Last night, my six-year-old, Sierra, and I were having “Mommy time.” Usually, we read a book about mice or foxes, but last night, she wanted to play dolls. We headed to her over-sized dollhouse (frugal me thought it could be a bookshelf later), and I picked up the first doll I could find–which was a wannabe Barbie she got at the dentist.
When we had arrived at that dentist last year, they sat us in a waiting area across from their main treatment room–the door to which was wide open. The setting was like what you’d imagine just outside Hades itself–intermittent screams mixed with gnashing of teeth against metal and a low overall moan. I started to get hot.
About forty minutes later when Sierra got seated in the treatment chair, she started wailing before they touched her. In fact, she screamed so much that they didn’t fill her tooth. The dentist and her assistant just stared at me the whole time with their eyes pitched up from over their fancy goggles as if to suggest I could stop it all if only I were a good mom. After about five minutes, they said since she couldn’t be a “good girl,” she would have to come back another day and get laughing gas. (I had to drive around thirty miles for this experience.) I politely gathered my things to leave.
On the way out, they handed Sierra’s older sister a doll for “being good” before looking at Sierra with a blank stare before tears erupted again. Thankful for Sierra, Sascha was past the stage of liking these dolls (if she ever did), so she handed the sequin-dressed figure to her baby sister in the car. (And Mama made an appointment with an entirely different dentist as soon as she got home.)
Last night, I picked up this doll to make it cook dinner on its plastic stove or something, and Sierra said, “If you want to take off her dress, you’ll have to take off her head. Last time I did that though, her arms fell off too.” She showed me how the dress was stuck on with no zipper or Velcro to undo it. She looked like a Barbie, but she definitely was not.
Lately, as I’ve been head first in the consulting world–both management consulting for organizations as well as entrepreneurial consulting–I’ve come across a lot of experiences that resemble the one with Sierra’s doll. I’ve seen eager business leaders paying way more than they have to to get something with much less value than they need. The opportunities (and their salespeople) may look really glitzy–like the real thing. They may even provide joy for a little while–or one or two really good ideas. But then when you want to change the sequin gown for something a bit more authentic to the task at hand, the doll gets dismembered.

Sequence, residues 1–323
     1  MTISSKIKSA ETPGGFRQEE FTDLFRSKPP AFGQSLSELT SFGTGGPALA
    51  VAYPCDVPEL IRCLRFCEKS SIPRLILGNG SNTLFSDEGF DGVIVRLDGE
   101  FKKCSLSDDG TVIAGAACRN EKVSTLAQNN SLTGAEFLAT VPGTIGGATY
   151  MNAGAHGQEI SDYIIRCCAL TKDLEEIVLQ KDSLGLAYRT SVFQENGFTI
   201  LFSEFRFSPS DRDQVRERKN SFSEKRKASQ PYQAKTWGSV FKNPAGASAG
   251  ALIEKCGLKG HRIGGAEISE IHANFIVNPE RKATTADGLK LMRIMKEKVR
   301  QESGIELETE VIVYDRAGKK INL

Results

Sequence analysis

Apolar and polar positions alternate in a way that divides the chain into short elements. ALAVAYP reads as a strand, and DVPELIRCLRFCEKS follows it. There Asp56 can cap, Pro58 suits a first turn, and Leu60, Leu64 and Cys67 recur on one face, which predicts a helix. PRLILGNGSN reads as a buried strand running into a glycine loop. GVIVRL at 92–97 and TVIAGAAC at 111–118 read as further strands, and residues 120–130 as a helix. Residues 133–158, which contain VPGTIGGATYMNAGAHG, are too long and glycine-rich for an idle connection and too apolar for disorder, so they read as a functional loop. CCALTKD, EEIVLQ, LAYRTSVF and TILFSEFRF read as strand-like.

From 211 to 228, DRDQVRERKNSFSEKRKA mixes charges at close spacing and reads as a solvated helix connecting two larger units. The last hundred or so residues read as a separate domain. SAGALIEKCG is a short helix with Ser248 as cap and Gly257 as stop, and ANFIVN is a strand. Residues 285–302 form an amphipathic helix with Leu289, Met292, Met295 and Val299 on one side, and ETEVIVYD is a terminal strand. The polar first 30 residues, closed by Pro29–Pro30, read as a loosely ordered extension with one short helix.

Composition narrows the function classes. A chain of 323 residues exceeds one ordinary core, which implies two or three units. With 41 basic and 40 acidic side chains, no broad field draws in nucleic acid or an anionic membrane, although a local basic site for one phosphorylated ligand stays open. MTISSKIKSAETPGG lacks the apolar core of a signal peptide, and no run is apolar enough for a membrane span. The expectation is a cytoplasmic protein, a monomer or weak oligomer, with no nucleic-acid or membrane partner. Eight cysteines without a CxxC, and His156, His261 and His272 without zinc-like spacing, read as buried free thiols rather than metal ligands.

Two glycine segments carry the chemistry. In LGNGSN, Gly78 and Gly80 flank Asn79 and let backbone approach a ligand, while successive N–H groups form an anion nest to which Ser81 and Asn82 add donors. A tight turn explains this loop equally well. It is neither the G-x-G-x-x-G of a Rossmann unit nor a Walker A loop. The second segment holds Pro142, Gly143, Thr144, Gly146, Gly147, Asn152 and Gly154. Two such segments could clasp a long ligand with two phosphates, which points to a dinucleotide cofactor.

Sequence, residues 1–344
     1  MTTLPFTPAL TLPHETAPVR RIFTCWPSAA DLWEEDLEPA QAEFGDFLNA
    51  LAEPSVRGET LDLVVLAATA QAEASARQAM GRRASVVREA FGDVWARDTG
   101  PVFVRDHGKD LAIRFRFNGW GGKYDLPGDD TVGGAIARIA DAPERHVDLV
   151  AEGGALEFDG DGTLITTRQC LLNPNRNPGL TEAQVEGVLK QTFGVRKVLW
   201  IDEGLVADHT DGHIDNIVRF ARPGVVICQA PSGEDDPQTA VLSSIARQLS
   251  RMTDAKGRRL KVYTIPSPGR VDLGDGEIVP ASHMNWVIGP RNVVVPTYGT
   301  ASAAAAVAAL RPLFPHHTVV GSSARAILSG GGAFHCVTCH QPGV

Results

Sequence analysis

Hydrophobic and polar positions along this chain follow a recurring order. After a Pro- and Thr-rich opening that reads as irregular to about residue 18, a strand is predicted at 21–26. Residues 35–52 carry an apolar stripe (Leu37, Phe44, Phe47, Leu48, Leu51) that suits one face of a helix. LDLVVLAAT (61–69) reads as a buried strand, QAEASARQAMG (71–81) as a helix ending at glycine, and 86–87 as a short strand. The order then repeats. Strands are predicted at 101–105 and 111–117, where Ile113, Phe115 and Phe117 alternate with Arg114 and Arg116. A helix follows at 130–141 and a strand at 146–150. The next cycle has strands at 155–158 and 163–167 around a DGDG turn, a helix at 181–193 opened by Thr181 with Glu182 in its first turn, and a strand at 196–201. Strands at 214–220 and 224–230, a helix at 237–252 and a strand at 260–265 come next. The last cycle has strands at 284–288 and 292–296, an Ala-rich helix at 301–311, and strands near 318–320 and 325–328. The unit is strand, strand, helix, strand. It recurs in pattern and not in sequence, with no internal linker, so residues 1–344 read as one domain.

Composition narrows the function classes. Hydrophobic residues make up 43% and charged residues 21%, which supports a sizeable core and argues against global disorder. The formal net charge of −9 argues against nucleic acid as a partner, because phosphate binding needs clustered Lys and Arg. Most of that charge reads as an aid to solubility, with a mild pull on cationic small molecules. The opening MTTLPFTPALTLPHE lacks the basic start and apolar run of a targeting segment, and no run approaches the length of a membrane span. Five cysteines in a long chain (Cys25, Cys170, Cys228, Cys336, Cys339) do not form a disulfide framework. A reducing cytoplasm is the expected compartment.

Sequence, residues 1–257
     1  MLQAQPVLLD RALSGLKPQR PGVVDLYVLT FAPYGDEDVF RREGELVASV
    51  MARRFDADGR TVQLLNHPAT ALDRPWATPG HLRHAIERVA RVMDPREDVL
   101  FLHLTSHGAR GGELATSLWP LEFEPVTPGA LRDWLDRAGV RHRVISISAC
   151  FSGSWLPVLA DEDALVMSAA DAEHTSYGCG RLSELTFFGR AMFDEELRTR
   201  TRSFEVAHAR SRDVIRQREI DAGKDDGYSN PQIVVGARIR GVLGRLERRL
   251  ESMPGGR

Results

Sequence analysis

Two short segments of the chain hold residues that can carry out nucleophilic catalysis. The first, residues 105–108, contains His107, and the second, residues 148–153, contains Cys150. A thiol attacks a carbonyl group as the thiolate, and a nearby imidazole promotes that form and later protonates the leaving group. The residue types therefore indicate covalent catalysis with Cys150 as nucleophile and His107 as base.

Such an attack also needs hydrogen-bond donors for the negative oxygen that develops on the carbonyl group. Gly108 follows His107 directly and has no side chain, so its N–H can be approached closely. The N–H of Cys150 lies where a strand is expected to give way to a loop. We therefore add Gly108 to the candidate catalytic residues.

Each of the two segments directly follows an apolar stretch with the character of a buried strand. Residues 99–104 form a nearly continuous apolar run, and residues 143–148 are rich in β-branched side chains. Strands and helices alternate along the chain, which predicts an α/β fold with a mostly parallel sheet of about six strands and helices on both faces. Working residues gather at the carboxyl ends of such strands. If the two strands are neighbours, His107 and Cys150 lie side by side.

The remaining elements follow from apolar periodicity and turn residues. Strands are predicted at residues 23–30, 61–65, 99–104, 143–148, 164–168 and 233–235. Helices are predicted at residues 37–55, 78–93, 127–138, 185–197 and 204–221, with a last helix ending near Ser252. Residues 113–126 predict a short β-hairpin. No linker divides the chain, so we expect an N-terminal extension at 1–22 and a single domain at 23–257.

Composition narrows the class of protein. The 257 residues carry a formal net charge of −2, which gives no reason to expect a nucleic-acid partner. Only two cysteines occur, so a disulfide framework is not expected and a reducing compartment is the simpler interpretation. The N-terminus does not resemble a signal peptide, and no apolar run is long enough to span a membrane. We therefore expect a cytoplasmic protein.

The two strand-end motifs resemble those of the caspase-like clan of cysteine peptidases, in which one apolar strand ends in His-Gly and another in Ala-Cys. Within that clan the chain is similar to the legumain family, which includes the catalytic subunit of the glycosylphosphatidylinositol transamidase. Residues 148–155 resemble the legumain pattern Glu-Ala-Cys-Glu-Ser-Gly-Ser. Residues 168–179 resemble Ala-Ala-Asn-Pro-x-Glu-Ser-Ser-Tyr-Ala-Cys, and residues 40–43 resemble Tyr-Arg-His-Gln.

As a leader–whether of an established organization or of your own shop–how do you know when you are holding the real thing? How do you know when you should invest in a service, consultant, or product to help your business expand–and when you should throw the fake Barbie in the bin (or at the dentist) and run for the door–asking around for referrals before ever experiencing something so harrowing again? Here is my quick “gut checklist”:
1)Surround yourself with authentic relationships with those who will give you honest feedback about the decisions you are making.
As my husband said about our relationship when we first got together, “I want you to hold a real dollar bill so you’ll know what the counterfeit feels like.” If most of the people in your life are “real,” you are more apt to know when you’ve found a real opportunity–versus someone who instead cares more about your clothes than your cause.
2)If you are being treated like a sheep, you are probably about to get sheared.
I get very passionate when I see consultants charging five figures to come have a “VIP dinner” with them and 500 of their other cult followers. No one is worth five figures for a dinner–even if they are serving you their own kidneys–and few are worth that much for a seminar. Yes, they “are successful entrepreneurs making seven figures”–off of YOU. You won’t get your return on investment, unless it is to prevent you from ever spending this kind of money on another “consultant.” If you are being herded into a room with one guru answering everyone’s questions in a way that makes people cry (and you are not getting very many bathroom breaks) this is a good sign that you are being seen as a sheep. Your newly-sheared wool may be sold down the river to spin gold–leaving you naked and cold. If you want to be a big earner, don’t invest in big takers unless you have that money laying around as kindling–or unless you really need to cry. Buy their books if you want their tips, but save the real advice seeking for those who truly want you to be so successful that people are coming to your seminars.
3)Don’t skip the basics of how to build a strong business.
Know your numbers, build real relationships, provide a true service, take care of yourself in the process. You’ve heard all of that before. No consultant can deliver you overnight success. A good one will listen to you, advise you, and help you turn a profit in a way that doesn’t require being a fake Barbie. A good one has already built one, two, or more businesses for others, and enjoys seeing you succeed more than he or she enjoys seeing you bleed. A good one won’t give you fake Barbies or have screaming sounds filtering into the waiting room–but instead will help you brand yourself and find sales channels and success that is in alignment with your mission and personality.